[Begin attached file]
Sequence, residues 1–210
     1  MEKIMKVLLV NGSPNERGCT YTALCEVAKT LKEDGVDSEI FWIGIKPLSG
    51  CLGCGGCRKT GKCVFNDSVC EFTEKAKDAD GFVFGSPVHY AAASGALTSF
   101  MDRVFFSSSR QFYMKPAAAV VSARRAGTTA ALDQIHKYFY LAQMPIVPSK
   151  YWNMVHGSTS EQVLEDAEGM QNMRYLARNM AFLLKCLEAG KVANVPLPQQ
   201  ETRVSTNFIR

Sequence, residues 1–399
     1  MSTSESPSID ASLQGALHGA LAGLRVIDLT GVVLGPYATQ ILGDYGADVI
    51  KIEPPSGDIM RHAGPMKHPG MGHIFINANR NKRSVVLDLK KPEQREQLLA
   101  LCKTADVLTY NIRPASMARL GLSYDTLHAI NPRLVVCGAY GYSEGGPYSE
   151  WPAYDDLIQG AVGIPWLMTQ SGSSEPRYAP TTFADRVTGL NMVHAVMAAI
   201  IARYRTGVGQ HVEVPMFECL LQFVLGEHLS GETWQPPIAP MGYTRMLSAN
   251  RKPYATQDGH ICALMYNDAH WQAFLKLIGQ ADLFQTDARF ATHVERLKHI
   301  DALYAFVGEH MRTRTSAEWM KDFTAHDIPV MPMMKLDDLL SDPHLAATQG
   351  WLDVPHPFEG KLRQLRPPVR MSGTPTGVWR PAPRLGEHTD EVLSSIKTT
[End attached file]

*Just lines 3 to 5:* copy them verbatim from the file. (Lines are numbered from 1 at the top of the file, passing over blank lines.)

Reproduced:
    51  CLGCGGCRKT GKCVFNDSVC EFTEKAKDAD GFVFGSPVHY AAASGALTSF
   101  MDRVFFSSSR QFYMKPAAAV VSARRAGTTA ALDQIHKYFY LAQMPIVPSK
   151  YWNMVHGSTS EQVLEDAEGM QNMRYLARNM AFLLKCLEAG KVANVPLPQQ